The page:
Self-Care and Cultivating Resilience Spiritual Care Partners
“The expectation that we can be immersed in suffering and loss daily and not be touched by it is as unrealistic as expecting to be able to walk through water without getting wet.” — Rachel Naomi Remen
Discussion 1. What are your expectations in terms of how this work will impact you? 2. What are some risks associated with being a caregiver?
Risks • Boundary issues: • Temptation to do too much, move out of your lane instead of making referral • Wanting to follow up with same patients to satisfy your own needs (for example, to socialize or to avoid seeing new patients b/c that makes you anxious) • Tendency to want to “fix”
Risks: General Emotional Strain • Facing situations that are overwhelming (terminal diagnosis situations, for example) • Seeing patients who remind you of a loved one
Risks: Physical Strain • Lots of walking • Feel free to take breaks. • No pressure to finish your lists. Please don’t feel guilty for not seeing all the patients on your list. Quality is more important than quantity. • Several intense conversations in a row can be taxing. Pace yourself.
Compassion Fatigue • The “combination of physical, emotional, and spiritual depletion associated with caring for patients in significant emotional pain and physical distress.” • “A unique form of burnout that affects individuals in caregiving roles.” — Lombardo and Eyre, 2011
Symptoms of Compassion Fatigue • Physical and emotional exhaustion • Lack of empathy/sense of disinterest • Cynicism • Loss of enjoyment of the work • Going through the motions • Not being moved by the experience • Can turn into depression and other conditions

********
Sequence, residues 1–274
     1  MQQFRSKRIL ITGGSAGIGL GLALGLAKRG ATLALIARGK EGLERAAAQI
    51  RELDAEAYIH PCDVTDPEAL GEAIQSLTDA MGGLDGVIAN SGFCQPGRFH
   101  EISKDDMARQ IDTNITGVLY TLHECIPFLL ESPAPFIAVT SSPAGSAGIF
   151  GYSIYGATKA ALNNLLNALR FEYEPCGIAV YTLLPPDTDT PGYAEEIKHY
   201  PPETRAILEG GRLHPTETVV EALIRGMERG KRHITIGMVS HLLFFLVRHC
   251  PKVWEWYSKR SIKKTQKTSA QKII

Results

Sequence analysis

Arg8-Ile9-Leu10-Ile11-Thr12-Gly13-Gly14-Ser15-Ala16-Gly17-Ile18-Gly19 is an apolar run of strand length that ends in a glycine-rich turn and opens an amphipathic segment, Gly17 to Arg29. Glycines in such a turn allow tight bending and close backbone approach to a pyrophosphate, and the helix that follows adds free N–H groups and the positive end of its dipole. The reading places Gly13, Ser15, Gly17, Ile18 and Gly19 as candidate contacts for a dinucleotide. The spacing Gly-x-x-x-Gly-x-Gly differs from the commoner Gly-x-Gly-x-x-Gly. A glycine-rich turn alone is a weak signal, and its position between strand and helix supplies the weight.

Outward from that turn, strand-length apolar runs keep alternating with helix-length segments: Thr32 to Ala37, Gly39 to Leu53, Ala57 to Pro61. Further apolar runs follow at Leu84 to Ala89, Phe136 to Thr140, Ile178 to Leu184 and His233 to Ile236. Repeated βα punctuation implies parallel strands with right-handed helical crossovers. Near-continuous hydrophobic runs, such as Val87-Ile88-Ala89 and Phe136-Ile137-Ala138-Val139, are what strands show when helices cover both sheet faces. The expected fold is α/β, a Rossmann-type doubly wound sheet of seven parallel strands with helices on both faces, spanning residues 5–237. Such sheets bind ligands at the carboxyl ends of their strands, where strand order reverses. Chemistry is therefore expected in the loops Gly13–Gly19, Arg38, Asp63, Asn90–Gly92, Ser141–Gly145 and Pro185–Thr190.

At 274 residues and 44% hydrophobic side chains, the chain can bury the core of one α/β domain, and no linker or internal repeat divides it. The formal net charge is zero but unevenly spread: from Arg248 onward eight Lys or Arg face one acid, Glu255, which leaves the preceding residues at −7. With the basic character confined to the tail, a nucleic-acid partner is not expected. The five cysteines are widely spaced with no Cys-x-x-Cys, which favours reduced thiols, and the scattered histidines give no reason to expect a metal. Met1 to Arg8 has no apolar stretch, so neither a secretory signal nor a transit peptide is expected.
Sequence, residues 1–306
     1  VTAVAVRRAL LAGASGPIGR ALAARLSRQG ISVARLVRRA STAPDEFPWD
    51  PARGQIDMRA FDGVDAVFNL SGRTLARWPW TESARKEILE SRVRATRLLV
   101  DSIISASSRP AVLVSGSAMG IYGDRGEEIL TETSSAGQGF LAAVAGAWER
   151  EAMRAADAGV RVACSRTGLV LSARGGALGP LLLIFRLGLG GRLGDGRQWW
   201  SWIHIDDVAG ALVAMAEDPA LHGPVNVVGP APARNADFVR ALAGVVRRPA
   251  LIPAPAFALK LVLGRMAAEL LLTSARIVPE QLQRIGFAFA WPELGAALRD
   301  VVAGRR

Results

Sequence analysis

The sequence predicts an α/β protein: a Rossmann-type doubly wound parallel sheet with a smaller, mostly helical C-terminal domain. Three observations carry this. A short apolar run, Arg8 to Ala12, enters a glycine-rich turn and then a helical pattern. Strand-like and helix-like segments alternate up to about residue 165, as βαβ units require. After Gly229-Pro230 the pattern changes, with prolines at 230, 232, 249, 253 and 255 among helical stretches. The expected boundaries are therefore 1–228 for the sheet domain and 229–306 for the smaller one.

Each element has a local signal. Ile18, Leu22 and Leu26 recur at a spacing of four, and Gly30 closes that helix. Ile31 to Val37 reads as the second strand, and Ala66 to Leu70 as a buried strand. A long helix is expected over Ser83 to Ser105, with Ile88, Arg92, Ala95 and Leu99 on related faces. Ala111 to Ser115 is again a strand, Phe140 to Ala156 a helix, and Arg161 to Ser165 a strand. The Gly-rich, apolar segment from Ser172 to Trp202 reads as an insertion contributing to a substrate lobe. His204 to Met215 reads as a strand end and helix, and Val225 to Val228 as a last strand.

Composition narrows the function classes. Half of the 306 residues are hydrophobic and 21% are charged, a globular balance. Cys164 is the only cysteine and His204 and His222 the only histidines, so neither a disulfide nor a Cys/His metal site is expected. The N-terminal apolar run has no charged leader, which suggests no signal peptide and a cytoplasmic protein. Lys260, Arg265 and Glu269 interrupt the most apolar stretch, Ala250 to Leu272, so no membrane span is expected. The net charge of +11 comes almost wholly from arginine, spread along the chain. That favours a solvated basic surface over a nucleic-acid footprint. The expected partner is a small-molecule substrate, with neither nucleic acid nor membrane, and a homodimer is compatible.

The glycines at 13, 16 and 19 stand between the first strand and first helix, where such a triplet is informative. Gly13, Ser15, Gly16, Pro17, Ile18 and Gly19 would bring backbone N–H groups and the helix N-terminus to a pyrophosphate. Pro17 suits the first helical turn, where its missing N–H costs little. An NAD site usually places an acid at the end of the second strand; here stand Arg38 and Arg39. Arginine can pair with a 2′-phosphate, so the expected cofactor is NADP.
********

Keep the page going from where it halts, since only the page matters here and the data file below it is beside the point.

Risk of Compassion Fatigue Risk of Compassion Fatigue:doing others spiritual harm due to our lack of spiritual awareness. “The most insidious aspect of compassion fatigue is that it attacks the very core of what brought us into this work: our empathy and compassion for others.” — Françoise Mathieu
Compassion Fatigue Toolkit • Stress reduction techniques: • What can I cut out of my life to reduce stress? • Stress resilience techniques: • Relaxation methods (meditation, massage, yoga, etc.) • Stress Prevention: How can we stay ahead of the stress before it gains momentum? • What would go in your toolkit? • Hobbies, exercise, “me time,” adequate sleep, healthy eating, etc.
Rumors About Self Care • Selfish; self-indulgent • Takes too much time • Checking out works better than self nourishment. • Can only practice it when alone • Others are more important than me. — Jackie Sapp, former Bon Secours EAP counselor
Toolkit Attend to mental wellness: • Be aware of self-talk, emotions, ruminations, fears. • Talk it out, journal, know your limits, center yourself. — Jackie Sapp
Reaching Out for Support • Very important to talk about your stress with a trusted person • Availability of chaplains for sharing, processing, and prayer. Monthly supervision, but also available any time you need it.
Spiritual Renewal • Staying close to God is an essential component of self-care. • How do you stay close to God? • Scripture, church, prayer, meditation, exercise, time in nature?
Activity • What tools would be in your self-care toolkit? • Stress prevention • How do you stay ahead of stress? • Stress reduction • What can you cut out of your life to reduce stress? • Stress resilience techniques: • Proper nutrition • Exercise • Adequate sleep • Relaxation techniques (meditation, massage, yoga, etc.) • Personal hobbies
Sources Lombardo, B., and C. Eyre, (2011). Compassion Fatigue: A Nurse’s Primer.OJIN: The Online Journal of Issues in Nursing, 16(1), Manuscript 3. Mathieu, Françoise, M.Ed., CCC, (2007).Running on Empty: Compassion Fatigue in Health Professionals. (published in Rehab & Community Care Medicine). Sapp, Jackie, LCSW, CEAP, SPHR (former Bon Secours EAP counselor)